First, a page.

How the Mind Determines Athletic Success, Part 2

06/06/2010 05:12 am ET | Updated Nov 17, 2011

"The emotional downfall for most players is mistakes," according to Loehr, in Mental Toughness Training For Sports.

Mistakes can trigger strong emotional responses (disappointment, embarrassment, anger, temper, low intensity) that can cause inconsistent or poor play.

For some players, nearly every mistake represents an emotional crisis. But it's interesting to note that everyone manages mistakes the same way when they're playing well. They simply turn and walk away confidently, as if nothing happened.

Ideally, the best emotional response to mistakes is to get challenged. A mistake is simply feedback to the mental computer that the shot wasn't perfect, that some adjustment is necessary. And the simple fact is that without mistakes, the learning process would be permanently blocked. No mistakes, no progress. But negative emotion also blocks the progress and is a natural response to mistakes. So what's the answer? The answer is that players must train emotionally so that mistakes produce the right emotional response. (Italics added.)

It might be possible to "train emotionally," but ultimately emotions are the result of beliefs and conditionings. Eliminate the beliefs and conditionings and the emotions change automatically. Imagine the following: You have the belief that a ball being hit into the net (or into the water, etc., depending on your sport) is a mistake, and mistakes mean there is something wrong with you. Now imagine that the ball hits the net or goes into the water. What would you have to feel? ... Angry at yourself, annoyed, frustrated, hopeless, etc.

Now imagine this scenario: You have the belief that there is no such thing as a mistake, that every result that isn't what you intended is an opportunity to learn how to improve your game. Moreover, you believe that not achieving your intended result means nothing about you. Now imagine that the ball hits the net or goes into the water. What would you feel in this situation? ... You might find it difficult to imagine right now that there are only outcomes and no mistakes, but just do your best to imagine the scenario I've just described. Okay? ... What would you feel? ... Challenged, calm, curious, or possibly nothing at all.

What happens physiologically when you think you've made a mistake? Too much negative energy, which gets translated into being too excited, too angry, too anxious. Some typical signs of over arousal include:

• Legs feel weak and rubbery.

• Difficulty in concentrating and focusing.

• Everything seems to be going faster than it really is.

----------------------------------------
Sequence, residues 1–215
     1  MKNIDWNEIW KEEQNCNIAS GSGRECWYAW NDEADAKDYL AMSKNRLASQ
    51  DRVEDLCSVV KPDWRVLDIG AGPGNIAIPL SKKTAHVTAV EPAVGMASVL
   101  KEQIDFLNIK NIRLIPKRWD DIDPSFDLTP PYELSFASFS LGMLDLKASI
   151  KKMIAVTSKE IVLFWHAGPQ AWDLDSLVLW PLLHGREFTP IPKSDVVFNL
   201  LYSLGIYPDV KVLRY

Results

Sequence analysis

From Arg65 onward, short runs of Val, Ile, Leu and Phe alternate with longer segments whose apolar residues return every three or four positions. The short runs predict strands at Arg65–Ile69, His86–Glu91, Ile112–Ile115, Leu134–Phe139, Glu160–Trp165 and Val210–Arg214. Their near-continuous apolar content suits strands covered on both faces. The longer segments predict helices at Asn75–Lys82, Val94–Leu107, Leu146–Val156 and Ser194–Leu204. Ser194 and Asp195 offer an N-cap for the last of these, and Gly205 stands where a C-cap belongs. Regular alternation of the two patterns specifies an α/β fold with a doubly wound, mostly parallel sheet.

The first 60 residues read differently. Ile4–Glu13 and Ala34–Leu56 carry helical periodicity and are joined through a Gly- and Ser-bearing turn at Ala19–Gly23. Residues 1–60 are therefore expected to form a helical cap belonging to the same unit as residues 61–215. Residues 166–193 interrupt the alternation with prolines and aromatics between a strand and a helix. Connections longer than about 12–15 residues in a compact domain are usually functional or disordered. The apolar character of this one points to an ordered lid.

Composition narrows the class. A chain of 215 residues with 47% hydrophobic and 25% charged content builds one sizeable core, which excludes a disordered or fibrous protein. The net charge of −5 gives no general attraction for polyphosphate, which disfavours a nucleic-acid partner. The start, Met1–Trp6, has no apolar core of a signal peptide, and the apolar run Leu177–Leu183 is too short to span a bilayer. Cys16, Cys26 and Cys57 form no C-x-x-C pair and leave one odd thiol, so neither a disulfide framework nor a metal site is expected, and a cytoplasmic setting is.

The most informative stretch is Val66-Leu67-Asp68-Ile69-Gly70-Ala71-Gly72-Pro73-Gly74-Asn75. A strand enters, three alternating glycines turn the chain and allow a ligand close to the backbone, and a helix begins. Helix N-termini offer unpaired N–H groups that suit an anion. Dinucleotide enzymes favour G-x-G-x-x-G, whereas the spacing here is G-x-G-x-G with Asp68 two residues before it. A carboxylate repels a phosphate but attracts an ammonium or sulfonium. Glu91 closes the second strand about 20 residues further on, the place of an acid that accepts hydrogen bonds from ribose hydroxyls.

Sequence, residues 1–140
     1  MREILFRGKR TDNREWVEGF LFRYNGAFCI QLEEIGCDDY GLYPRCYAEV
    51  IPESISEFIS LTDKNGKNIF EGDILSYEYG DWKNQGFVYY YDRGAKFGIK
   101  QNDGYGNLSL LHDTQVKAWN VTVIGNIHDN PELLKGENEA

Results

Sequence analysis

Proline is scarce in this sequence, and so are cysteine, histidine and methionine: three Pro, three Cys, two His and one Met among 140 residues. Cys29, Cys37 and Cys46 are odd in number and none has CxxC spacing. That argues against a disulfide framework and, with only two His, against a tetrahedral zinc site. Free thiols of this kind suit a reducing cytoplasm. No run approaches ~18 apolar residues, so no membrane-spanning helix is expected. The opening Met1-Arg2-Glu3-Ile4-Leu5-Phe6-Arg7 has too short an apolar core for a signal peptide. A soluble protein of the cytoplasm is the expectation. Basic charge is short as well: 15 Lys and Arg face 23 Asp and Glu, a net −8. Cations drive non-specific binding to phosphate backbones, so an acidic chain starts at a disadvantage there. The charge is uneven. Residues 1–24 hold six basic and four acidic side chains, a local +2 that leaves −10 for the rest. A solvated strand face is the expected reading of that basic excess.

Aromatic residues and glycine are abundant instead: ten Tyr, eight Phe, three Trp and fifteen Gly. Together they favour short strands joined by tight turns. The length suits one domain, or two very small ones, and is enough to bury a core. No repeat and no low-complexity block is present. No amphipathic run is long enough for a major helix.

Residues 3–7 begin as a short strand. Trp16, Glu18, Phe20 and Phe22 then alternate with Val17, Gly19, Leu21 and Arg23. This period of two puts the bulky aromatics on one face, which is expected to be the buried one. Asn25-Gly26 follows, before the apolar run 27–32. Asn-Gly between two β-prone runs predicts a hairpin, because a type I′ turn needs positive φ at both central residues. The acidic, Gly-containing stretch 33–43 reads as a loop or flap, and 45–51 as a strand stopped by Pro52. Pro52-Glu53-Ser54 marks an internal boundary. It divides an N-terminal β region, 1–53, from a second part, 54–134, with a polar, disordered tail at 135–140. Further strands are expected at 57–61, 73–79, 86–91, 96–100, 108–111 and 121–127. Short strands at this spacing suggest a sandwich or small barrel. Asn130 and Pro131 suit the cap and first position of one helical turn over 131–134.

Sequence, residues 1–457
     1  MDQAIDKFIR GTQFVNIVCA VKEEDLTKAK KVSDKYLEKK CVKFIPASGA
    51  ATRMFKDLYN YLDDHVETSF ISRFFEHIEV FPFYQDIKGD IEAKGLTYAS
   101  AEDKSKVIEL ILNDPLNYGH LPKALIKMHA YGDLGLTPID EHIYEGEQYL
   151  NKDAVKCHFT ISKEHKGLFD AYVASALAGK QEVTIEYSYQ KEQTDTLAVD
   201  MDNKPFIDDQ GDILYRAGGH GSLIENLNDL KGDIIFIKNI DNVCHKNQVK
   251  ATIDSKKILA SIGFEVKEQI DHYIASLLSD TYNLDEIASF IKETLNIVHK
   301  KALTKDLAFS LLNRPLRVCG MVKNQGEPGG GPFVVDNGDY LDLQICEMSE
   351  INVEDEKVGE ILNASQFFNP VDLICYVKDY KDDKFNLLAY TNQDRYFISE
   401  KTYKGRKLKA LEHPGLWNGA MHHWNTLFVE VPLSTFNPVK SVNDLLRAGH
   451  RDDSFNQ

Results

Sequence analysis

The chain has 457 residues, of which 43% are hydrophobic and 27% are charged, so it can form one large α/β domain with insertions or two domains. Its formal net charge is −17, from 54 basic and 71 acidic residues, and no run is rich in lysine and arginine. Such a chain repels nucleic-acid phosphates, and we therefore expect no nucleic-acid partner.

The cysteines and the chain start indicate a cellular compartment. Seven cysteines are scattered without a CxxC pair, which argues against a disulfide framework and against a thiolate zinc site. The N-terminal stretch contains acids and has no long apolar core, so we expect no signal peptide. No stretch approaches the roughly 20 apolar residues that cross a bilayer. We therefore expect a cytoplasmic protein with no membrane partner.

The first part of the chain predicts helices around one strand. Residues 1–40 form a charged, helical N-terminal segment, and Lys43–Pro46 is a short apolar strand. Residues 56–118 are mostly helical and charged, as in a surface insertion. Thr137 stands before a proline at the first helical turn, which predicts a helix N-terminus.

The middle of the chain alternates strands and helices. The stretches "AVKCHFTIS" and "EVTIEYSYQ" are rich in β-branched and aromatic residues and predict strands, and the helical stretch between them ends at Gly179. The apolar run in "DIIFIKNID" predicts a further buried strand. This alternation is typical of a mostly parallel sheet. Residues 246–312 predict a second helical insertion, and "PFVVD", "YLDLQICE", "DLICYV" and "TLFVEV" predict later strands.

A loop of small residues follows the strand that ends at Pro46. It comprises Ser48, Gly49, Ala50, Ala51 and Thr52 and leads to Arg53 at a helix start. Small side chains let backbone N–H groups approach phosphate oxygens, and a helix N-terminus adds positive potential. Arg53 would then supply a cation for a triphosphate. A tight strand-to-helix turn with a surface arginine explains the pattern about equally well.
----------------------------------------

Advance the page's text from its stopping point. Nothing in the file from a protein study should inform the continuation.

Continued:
• Inability to think clearly and accurately.

• Attention gets focused on one thing and refocusing is difficult.

• Become fatigued very quickly.

Changing your belief about mistakes would minimize these conditions.

Stress Is an Interpretation

"The greatness of a Gretsky, a Connors, a Palmer, or an Evert is not that they perform well under pressure," Loehr contends. "No one performs well under pressure. Their greatness is in their learned ability to take the pressure off. ... In the face of great external pressure, these [top] performers felt almost no anxiety. To the contrary, they felt calm and peaceful inside but also highly energized, positive, and enthusiastic...

"It is this skill that separates the superstars from the troops--they have the ability to take pressure off, transforming crisis into opportunity and threat into challenge. All that stands between you and that ability is your own head! ... Pressure is something you put on yourself." (Italics added.)

Nothing is inherently stressful. In other words, stress doesn't exist "out there" and nothing "out there" causes stress. Stress originates in the mind and exists only in the mind; it's the result of an interpretation. Change the interpretation by changing beliefs and the stress will disappear.

For example, assume you had a project to complete and had a number of limiting beliefs, including I'm not capable and Nothing I do is good enough. What would you feel as you began the project? ... Some level of stress. And it would feel as if the project was causing the stress, wouldn't it?

Now let's assume you had the same project but had the opposite beliefs, including I am capable and Whatever I do is good enough. If your beliefs made you feel confident that you would do a good job, do you still think the project would make you feel stress? ... Unlikely. Same project, but different beliefs would result in different levels of stress.

By changing your beliefs, something that had been experienced as stressful can be experienced as fun or challenging.

Control your mind, improve your game. It really is possible.

If you haven't yet eliminated at least one of your limiting self-esteem beliefs using the Lefkoe Belief Process, go to where you can eliminate one limiting belief free.

Copyright 2010 Morty Lefkoe

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